“I know.” I surprise myself with how calm my words sound. My hands are shaking. Even though I knew it, I’d always hoped and felt like maybe it wasn’t true. “I know you never thought of me as yours. You didn’t do a very good job hiding it.”

“I didn’t try to hide it.” She pauses and runs a hand over the album. “I didn’t try to hide it at first.”

“And then you did?” I can’t help the snort. If she thinks her passive-aggressiveness somehow changes everything… it's almost more aggravating. The victimization of herself…. I guess I never realized all this bitterness. I take a couple steps back and glance over at a mosaic of pictures on the wall. My dad and his brother are in most of them. Some of Dad and Mom together. Looking at those pictures is easier than looking at Nonna right now. And I’m far enough away I can’t seem them very well. I do, however, only spot myself twice.

“I wanted my son to have his own children.”

“He couldn’t, Nonna. Especially after Mom got cancer.”

“And at that point, they knew she was going to die. They shouldn’t have put any kids in that situation.” Her words are unfeeling, and the anger is simmering in my chest.

“She didn’t die for like nine years! She deserved to have a little happiness too. But you always seemed to want to rip it away from them.”

Nonna doesn’t speak. “Perhaps I did. But it was only for their good.”

I roll my eyes and don’t care to hide it from her, but I still don’t turn around to face her, staring, unseeing at the pictures on the wall. “So you hated me.”

“At first.” Nonna's passive aggressiveness is gone. It hurts. “And then when Luke died….”

“I was all you had left.” I finish for her, turning to face her now. “You didn’t have anyone else to do your dishes or pay your bills or set up appointments or keep you from being lonely. You didn’t love me. You just needed me.”

Nonna doesn’t deny it. I don’t stay to listen to her pitiful excuses. I grab my mug and storm to the kitchen, dumping the remains of my coffee down the sink and dropping it with a clatter inside. The drawers grumble as I slide them open, pulling out the phone book and slapping it on the counter. My fingers brush over the names and business, finally finding “In Home Care.”

“Kandace,” she calls from the living room. I don’t answer, sliding my phone out of my pocket to dial the number, when I notice there is a voicemail from her doctor.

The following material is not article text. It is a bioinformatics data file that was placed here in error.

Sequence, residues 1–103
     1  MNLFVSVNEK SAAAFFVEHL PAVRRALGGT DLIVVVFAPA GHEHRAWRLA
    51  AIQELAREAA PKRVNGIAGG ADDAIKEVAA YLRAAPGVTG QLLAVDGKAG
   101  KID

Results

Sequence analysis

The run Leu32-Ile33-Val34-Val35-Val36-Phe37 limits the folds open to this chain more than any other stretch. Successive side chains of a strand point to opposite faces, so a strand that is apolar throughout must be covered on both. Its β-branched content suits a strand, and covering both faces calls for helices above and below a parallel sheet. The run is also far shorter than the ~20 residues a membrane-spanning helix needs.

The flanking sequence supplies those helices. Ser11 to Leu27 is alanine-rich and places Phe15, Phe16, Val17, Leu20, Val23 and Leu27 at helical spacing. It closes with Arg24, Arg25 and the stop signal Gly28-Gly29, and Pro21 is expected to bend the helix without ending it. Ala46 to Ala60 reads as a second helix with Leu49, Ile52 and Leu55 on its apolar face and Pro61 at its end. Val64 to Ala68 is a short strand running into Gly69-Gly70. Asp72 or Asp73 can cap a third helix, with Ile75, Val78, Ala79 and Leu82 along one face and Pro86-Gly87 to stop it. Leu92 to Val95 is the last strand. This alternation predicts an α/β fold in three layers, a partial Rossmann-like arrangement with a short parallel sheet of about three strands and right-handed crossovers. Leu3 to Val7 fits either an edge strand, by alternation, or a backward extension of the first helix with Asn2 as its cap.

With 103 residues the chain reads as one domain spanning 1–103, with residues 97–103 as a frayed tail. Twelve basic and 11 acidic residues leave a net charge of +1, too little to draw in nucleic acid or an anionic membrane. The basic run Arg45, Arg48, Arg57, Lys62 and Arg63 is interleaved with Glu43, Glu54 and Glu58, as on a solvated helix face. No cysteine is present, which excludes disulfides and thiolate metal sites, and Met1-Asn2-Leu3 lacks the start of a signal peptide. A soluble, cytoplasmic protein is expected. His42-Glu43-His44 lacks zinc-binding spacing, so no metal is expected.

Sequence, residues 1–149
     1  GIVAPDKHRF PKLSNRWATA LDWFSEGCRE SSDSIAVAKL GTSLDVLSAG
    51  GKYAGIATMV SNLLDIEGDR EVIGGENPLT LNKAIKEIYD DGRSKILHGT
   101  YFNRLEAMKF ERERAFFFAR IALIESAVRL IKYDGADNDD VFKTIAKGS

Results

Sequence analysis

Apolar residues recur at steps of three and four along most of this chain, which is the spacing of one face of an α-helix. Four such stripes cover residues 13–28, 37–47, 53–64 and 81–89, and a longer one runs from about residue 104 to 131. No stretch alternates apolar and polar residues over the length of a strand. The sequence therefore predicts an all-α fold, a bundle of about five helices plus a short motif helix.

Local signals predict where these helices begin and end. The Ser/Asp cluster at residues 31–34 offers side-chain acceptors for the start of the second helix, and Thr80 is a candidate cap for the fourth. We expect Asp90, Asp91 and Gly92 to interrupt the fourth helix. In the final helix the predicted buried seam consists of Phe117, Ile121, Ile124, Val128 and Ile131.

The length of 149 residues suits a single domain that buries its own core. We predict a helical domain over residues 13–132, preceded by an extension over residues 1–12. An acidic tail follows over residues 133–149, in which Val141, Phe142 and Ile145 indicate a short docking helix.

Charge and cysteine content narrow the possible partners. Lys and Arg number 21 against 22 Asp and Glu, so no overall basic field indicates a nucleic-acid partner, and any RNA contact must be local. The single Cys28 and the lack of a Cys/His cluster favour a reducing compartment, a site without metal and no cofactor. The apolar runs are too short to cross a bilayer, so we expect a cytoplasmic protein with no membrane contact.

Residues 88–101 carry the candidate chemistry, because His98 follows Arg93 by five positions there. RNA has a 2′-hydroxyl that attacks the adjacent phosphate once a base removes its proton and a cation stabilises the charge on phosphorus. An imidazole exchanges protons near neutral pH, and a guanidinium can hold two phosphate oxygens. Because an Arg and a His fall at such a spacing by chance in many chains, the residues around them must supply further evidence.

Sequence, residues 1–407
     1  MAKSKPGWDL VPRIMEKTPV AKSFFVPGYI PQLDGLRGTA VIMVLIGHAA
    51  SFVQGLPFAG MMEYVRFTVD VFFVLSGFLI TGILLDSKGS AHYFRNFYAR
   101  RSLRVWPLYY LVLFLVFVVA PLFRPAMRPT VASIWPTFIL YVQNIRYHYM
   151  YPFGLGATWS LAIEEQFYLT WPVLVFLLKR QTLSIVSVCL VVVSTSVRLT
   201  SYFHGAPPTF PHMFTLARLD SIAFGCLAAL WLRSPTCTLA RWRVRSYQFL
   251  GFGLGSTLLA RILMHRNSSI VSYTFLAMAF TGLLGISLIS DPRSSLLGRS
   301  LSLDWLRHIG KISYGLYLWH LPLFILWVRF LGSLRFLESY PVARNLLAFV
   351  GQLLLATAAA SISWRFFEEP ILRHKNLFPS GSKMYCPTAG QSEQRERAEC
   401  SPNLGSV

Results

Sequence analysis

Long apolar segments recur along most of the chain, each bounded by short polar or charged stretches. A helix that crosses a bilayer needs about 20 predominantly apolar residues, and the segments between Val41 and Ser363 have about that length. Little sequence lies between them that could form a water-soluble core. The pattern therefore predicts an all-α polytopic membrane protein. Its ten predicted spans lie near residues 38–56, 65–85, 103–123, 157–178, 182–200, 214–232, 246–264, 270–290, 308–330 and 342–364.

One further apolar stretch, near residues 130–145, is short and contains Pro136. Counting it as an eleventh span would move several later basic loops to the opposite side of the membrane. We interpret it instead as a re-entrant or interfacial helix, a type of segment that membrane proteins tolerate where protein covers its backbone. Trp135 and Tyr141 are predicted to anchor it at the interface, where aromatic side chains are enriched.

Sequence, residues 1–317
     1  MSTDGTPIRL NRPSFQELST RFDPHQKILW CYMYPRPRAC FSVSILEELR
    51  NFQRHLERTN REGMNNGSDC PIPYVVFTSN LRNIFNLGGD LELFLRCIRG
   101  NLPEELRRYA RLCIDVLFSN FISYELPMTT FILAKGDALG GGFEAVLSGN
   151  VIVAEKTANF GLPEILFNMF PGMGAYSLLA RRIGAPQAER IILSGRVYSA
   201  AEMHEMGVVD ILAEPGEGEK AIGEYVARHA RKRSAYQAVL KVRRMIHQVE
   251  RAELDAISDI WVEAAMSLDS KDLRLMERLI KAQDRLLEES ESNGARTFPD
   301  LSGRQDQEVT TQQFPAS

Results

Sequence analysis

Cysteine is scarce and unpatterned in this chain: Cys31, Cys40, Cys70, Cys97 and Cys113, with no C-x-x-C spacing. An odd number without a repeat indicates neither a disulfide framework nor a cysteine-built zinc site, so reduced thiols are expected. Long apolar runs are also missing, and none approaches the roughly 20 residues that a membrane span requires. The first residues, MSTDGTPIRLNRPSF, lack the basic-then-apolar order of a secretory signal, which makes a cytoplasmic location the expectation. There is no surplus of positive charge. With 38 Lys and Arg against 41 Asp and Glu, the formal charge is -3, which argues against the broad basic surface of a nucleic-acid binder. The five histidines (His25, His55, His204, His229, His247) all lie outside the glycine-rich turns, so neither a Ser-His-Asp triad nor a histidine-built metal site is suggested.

“Hey, Kandace, just wanted to call and see how you were doing. I’m sure your grandmother’s already talked with you, but I wanted to give you a few more details in case she forgot.” I pull out a piece of paper, cradle the phone on my shoulder, and jot down the “In Home Care” number so I can call on my way home and drop the phone book back in the drawer.

“…pancreatic cancer.” I freeze. “If there’s anything else I can do to help make her comfortable, just give me a call.”

Pancreatic cancer? The phone falls into my hand, and I stare at it. She hadn’t told me.

“Kandace, please come back.”

I know I shouldn’t feel relief. I don’t. Not really. Just shock. She’s always seemed the invincible woman, even as she sat in her chair more and more. I don’t feel overwhelming sadness. I don’t feel the anger at her not telling me either. Numb, I walk back into the living room, holding the phone in my hand, mouth open a little like I’m going to be the first one to say something. I should. I need to. I need to take control of this situation.

She seems to know that I know. Her glare is gone. Her irritation is gone. Her loathing is gone.

“I’m dying,” is all she says.

I nod.

“I’m sorry. I wasted so much time thinking I needed my boys back.”

I nod again, speechless. She looks down at the album in her lap. The one person I had left in the world, as much as she irritated me, was going to leave me too. I stare at her.

The wisps of gray hair on her head.

The sunken eyes and sagging cheeks under thick cut glasses.

The lips, which, as long as I remembered, were turned down on either side.

The tiny shoulders and caved in chest.

The wrinkled hands and bony arms and legs and swollen feet.

“I’m sorry,” she whispers. I’ve never heard the words in Nonna's voice before.

“For what?”

She reaches for my hand. Hers is like a skeleton, skin draped over bone. It’s so cold. “For wasting time. I needed you. But I needed to love you.”

We needed each other. But it’s too late. I pull my hand away. It’s too late.

Without another word, I turn and head back to the kitchen. Once again, I pull out the phone book and jot down a number, then crumple the “In Home Care” note and toss it in the trash. I thread my fingers through my gloves, pull on my hat, and button my coat and push open the door.

“I’ll call someone to fix the heater.”